A group of boys walk down a school corridor. A girl walks by. The boys stop to discuss the relative merits of her various body parts and create a pact that they too will “do the deed” by the end of term and so, become men. So begins the plot of the many teen comedies I watched as a youngster and, at the age of 34, I’ve only just come to see how profoundly affected I was by their presentation of what it means to be a man.
Like many young LGBTQ+ people growing up in small towns, under the shadow of Section 28, my ‘real-world’ role models were non-existent and so I looked to the movies and music and magazines of the day to find examples of how I should dress, act and think. What I found, apart from the occasional camp satire of gay identity, was a world in which to be a man meant to be powerful, in control. To be a man was to be confident, physical and self-assured. Being straight was a given, and anyone who moved away from these heteronormative expectations was portrayed as odd, a source of humour or, at its worst, dangerous.
The young men around me fought (often literally) to display their masculinity. Dissent was dealt with swiftly and in the absence of anyone who actually identified as LGBTQ+, a sacrificial lamb would be chosen, and an example made. I learned to hide. I learned to deflect attention and to my shame, I became part of the procession, throwing in my share of the jibes. To those I hurt, I truly apologise.
Now, I may not have had the most stable home life, but I had a mum who was accepting and caring. She made it clear that no matter who I was, she would love me, and I had nothing to be ashamed of. The problem was, the rest of the world didn’t seem to agree. I was ashamed. I knew who I was and had done for a long time. I made excuses. I told myself that it was just a phase and if I could just pretend, I could “fake it until I made it”. Without knowing the damage I was causing, I took my sexuality and bound it, hid it away at the back of my identity, and threw myself into anything that could fill the gap left behind. At the age of 13, I made the decision to desexualise myself.
This pattern of behaviour carried on through my teens, past my twenties and right into my thirties. I threw myself into work and study, became serious and actively avoided other LGBTQ+ people. On the odd occasion that my resolve weakened, and I gave in to that part of me that I had worked so hard to hide, I felt compromised. I felt scared. I had spent so long acting that I hadn’t ever learned how to be myself. I didn’t have the language, the cultural references or the experience to move confidently around people like me. I had spent my lifetime avoiding vulnerability.
I’m now a 34-year-old man, beginning a journey that could have been started twenty years earlier. I’m finally coming to terms with the time I’ve lost and I’m starting to build the life that I was supposed to lead. I’m certainly not alone. So many LGBTQ+ people, from so many contexts and for so many reasons, have and continue to experience the same prejudices and rejections that I did. Our media influences still portray the damaging stereotypes that convince young men that to be gay is to engage in risky behaviour, that gay shame is a normal part of LBGTQ+ life and promote a culture of hedonism over meaningful relationships. As a teacher, I have seen countless boys walk this path. The absence of education on LGBTQ+ culture and life lead them to fall back on the only resources that are talking to them on their identity; outlets that are not designed for them and open them up to a world that they are not yet prepared for. But it doesn’t have to be this way.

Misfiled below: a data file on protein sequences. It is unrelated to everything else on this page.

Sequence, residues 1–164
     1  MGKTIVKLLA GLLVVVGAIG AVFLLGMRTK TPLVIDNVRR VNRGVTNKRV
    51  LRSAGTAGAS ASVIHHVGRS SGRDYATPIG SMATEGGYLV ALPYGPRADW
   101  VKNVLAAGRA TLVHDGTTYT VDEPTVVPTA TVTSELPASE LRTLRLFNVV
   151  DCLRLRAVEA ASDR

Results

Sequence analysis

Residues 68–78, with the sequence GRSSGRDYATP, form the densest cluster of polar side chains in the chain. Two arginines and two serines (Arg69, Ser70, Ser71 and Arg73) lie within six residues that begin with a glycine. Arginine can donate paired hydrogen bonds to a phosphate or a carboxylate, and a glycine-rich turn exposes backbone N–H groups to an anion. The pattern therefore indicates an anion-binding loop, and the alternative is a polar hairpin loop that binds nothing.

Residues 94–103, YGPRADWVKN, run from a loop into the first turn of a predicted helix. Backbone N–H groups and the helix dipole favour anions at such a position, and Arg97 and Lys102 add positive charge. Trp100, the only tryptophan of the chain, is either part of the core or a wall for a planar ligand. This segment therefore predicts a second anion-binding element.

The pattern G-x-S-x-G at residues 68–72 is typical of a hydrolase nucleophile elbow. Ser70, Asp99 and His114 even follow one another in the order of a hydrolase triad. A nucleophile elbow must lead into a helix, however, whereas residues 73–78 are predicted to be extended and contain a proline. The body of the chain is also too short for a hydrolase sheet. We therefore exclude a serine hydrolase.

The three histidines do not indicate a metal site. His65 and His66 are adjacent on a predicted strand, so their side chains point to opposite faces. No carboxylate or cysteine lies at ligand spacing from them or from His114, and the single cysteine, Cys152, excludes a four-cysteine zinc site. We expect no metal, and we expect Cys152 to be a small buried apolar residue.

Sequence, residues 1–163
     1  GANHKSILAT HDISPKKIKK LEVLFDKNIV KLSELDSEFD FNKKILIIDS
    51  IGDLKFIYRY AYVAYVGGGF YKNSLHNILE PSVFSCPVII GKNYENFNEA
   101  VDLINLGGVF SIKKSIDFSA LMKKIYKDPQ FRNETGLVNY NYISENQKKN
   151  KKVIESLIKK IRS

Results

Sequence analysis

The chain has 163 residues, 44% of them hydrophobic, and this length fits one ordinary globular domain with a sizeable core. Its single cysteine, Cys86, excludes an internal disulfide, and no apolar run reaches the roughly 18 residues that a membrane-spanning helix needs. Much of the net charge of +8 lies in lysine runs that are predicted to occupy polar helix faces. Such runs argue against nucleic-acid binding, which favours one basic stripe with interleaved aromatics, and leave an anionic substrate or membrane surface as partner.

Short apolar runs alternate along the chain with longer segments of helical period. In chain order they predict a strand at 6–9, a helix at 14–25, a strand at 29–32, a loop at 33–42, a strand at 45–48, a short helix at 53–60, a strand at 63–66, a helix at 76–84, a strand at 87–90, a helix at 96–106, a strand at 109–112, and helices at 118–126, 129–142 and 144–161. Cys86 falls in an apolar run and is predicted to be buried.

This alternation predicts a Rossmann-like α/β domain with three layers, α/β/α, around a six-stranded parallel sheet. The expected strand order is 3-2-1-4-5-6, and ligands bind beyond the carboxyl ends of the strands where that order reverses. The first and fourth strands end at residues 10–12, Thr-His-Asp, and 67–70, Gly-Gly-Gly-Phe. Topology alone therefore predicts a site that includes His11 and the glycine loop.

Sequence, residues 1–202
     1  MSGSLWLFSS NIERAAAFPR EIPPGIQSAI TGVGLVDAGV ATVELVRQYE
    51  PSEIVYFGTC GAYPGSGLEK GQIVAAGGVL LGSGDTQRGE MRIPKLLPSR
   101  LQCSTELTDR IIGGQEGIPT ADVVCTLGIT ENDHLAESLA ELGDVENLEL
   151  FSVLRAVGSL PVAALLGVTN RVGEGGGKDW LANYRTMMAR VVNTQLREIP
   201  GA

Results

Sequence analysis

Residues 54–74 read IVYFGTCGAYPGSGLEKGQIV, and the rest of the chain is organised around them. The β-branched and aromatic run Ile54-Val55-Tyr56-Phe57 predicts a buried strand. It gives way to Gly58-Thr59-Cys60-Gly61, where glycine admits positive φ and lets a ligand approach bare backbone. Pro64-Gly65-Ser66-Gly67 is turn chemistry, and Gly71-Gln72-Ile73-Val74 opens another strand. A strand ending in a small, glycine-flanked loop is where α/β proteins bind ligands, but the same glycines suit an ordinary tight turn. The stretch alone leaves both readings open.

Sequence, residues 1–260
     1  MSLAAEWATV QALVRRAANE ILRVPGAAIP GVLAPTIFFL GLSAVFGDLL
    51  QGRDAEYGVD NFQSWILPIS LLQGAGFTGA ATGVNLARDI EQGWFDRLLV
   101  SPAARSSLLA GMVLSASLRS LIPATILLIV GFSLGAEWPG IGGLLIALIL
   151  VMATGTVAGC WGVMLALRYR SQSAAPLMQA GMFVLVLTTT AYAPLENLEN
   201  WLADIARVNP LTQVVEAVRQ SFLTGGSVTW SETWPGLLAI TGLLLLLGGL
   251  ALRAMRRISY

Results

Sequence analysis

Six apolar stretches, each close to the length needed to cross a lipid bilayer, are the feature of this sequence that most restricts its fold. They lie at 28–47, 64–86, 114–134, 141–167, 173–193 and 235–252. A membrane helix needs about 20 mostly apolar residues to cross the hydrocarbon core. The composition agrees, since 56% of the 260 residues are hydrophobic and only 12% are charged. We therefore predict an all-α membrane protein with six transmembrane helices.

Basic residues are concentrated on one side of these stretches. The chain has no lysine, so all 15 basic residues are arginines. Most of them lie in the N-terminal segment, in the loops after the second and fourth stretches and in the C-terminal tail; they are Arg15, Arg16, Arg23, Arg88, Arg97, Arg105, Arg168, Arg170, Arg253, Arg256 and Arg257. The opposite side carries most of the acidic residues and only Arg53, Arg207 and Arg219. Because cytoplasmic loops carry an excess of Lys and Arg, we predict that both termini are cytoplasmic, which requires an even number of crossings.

One person. That’s all it takes. Just one person who is willing to stand up and be open, visible and vulnerable.Tweet
One person. That’s all it takes. Just one person who is willing to stand up and be open, visible and vulnerable. One person who can be the role model that so many young people need, to start a conversation that opens their eyes to the potential for acceptance and love. As teachers, we’re in a unique position to be the role model our young people need. Our profession means that, in the eyes of students, we represent the establishment and so we have the opportunity to show them that we do belong. By being open and honest about who we are, we give young people permission to explore their identity. By working with our colleagues to make our curriculum more inclusive, we reveal a world of LGBTQ+ voices that break down the barriers to acceptance. By supporting our LGBTQ+ students, we give everybody permission to break away from the established norms of gender and sexuality, smashing the notion of ‘boys subjects’ and ‘girls subjects’, allowing every student to find their rightful place in society.
I’m still at the beginning of my journey towards a full understanding of what it is to be LGBTQ+. I’m choosing not to regret my experiences but instead, use them as a platform to help me become the role model that I needed what I was younger. It’s a scary thing to do, but if I can prevent one young LGBTQ+ person from treading the same path then it is a worthwhile endeavour. Today, there is support out there for those of us who make the decision to stand up and live authentically. There are opportunities to connect with other LGBTQ+ educators through organisations like LGBTEd that allow us to form a support network, even if we’re the sole voice in own school. I am grateful for the opportunity to make a difference. We have a long way to go but it all starts when we make the decision to ‘be the role models we needed when we were at school.’